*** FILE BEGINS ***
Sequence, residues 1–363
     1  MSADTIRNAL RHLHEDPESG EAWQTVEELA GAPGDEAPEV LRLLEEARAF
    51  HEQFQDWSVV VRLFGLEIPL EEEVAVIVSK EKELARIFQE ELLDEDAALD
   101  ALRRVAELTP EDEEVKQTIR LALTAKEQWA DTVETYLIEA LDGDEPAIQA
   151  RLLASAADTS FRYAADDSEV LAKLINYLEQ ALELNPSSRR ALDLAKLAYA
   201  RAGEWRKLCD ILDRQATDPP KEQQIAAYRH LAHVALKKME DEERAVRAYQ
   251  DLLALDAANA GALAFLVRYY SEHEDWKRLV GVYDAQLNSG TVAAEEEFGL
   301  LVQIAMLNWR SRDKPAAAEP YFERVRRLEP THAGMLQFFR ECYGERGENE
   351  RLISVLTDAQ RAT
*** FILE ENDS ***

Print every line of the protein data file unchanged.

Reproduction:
Sequence, residues 1–363
     1  MSADTIRNAL RHLHEDPESG EAWQTVEELA GAPGDEAPEV LRLLEEARAF
    51  HEQFQDWSVV VRLFGLEIPL EEEVAVIVSK EKELARIFQE ELLDEDAALD
   101  ALRRVAELTP EDEEVKQTIR LALTAKEQWA DTVETYLIEA LDGDEPAIQA
   151  RLLASAADTS FRYAADDSEV LAKLINYLEQ ALELNPSSRR ALDLAKLAYA
   201  RAGEWRKLCD ILDRQATDPP KEQQIAAYRH LAHVALKKME DEERAVRAYQ
   251  DLLALDAANA GALAFLVRYY SEHEDWKRLV GVYDAQLNSG TVAAEEEFGL
   301  LVQIAMLNWR SRDKPAAAEP YFERVRRLEP THAGMLQFFR ECYGERGENE
   351  RLISVLTDAQ RAT